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Religious Identity: Summary and Analysis
Religion is considered an important dimension of people’s identities as well as one of the reasons for intercultural conflict. Religious identity cannot be identified as a mere belonging to a particular religion because it is often interconnected with ethnic, region, class, and racial identities (Martin and Nakayama 181). For example, it is possible to see particular groups like the ones affiliating to racial, ethnic, or religious identities if viewing this issue at a historical angle. Therefore, defining differences between identities can be problematic because several ethnic groups can be conflated with a particular religion and, vice versa, one ethnic group can be split by various cultural and religious affiliations.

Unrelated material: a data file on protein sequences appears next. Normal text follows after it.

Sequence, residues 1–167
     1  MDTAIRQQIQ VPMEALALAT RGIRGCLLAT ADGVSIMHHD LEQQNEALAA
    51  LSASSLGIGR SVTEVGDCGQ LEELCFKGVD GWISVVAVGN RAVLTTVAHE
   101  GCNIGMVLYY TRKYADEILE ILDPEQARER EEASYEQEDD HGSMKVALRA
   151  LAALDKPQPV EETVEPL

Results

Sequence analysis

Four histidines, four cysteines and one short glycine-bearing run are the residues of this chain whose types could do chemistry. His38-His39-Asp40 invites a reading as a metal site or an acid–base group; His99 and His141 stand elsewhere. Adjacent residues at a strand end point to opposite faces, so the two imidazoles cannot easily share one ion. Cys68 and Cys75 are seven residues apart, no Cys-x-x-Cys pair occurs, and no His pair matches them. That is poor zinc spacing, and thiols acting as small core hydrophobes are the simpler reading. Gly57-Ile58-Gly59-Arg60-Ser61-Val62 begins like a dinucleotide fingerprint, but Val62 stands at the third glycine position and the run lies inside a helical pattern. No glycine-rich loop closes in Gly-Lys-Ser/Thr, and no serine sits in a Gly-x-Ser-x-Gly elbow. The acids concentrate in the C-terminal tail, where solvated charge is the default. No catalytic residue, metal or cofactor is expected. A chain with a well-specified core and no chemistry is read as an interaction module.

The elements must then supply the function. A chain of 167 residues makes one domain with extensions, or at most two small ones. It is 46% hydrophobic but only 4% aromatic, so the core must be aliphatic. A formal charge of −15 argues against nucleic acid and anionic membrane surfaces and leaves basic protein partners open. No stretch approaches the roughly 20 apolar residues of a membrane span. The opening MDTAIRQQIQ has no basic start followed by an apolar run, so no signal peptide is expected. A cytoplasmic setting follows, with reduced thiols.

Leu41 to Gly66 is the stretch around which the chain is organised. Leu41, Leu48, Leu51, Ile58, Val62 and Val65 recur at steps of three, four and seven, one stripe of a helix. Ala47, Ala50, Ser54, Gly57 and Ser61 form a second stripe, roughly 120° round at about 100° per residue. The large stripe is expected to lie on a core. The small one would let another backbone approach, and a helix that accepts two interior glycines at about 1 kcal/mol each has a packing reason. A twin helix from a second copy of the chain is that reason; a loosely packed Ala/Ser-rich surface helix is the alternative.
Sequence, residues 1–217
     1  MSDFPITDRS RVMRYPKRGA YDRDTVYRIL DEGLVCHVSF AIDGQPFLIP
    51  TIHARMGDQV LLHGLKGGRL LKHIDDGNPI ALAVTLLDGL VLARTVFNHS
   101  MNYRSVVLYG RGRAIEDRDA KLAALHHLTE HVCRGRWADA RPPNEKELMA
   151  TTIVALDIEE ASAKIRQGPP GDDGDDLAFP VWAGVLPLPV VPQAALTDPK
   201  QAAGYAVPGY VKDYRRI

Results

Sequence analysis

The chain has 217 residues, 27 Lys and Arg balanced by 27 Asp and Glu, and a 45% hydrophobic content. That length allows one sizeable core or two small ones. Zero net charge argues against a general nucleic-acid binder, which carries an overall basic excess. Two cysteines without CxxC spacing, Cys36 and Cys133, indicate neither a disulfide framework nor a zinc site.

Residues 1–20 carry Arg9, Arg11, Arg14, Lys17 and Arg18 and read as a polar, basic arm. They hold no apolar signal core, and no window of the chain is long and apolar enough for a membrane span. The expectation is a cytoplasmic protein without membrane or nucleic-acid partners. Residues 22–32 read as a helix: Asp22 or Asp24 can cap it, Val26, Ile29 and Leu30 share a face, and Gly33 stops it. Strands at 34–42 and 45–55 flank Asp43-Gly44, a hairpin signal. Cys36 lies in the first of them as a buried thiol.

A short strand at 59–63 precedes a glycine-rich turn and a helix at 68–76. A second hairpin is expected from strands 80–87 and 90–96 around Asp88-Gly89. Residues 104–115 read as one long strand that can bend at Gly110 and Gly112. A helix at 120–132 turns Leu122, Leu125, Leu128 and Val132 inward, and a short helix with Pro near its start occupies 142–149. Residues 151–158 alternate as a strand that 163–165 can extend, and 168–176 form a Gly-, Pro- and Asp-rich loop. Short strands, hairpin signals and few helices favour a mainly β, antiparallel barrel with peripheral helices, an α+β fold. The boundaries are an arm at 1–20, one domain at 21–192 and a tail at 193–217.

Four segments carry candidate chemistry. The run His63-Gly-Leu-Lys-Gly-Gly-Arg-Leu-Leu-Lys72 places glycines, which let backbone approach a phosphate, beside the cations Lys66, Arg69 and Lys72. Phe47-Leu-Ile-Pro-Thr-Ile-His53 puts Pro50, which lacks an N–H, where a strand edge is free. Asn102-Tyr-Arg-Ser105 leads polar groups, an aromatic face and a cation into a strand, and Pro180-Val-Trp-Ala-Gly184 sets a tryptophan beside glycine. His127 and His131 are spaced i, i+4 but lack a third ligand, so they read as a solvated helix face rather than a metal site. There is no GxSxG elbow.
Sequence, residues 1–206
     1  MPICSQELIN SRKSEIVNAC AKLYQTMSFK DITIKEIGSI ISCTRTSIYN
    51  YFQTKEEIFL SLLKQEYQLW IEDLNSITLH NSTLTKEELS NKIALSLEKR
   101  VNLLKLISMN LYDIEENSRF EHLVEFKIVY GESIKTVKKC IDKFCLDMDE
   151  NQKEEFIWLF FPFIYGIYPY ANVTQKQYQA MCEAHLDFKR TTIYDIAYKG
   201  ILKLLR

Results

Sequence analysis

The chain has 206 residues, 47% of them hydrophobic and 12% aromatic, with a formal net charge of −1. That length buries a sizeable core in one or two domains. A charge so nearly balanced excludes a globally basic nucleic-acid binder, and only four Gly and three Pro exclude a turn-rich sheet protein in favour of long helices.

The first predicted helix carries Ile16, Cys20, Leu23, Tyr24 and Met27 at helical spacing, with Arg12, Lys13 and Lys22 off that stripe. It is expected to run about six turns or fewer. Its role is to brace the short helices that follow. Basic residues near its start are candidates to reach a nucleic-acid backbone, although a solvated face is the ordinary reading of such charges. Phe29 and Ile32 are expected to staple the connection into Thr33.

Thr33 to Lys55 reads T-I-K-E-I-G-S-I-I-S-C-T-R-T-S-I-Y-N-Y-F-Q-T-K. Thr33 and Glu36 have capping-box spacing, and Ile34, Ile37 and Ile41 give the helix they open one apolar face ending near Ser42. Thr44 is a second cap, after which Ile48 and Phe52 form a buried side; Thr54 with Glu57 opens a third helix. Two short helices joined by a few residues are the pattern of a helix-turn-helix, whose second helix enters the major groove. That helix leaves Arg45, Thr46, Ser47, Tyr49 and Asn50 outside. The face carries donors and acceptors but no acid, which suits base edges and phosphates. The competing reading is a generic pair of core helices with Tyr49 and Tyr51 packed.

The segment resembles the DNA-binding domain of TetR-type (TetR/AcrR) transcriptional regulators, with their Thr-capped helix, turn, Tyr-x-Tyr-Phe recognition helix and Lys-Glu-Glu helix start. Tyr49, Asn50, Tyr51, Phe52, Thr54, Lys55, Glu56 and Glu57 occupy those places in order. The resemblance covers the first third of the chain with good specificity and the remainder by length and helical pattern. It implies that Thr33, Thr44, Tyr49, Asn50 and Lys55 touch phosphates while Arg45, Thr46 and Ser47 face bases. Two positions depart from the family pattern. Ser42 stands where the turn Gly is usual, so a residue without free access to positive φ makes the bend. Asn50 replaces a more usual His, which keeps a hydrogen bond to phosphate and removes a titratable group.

About these disparities, religion can become the main underpinning for conflicts. Religion tensions have become frequent nowadays, particularly when it comes to Arab Americans. Because the U. S. government is concerned with terrorist attacks in the Middle East, these groups are often subjected to suspicion. Religious conflicts also arise as a result of discrepancies of beliefs among individuals, specifically if a certain person imposes his/her position on those who do not share this position.
Just like we learn grammar and meaning for successful verbal communication, we also learn gestures and behaviors for implicit or nonverbal communication. It is recognized that nonverbal behaviors are carried out at a subconscious level because our gestures and mimics are fewer subjects to control. There are certain patterns of nonverbal behavior disclosing a particular communicative idea, but there are cases when it is impossible to display those patterns successfully.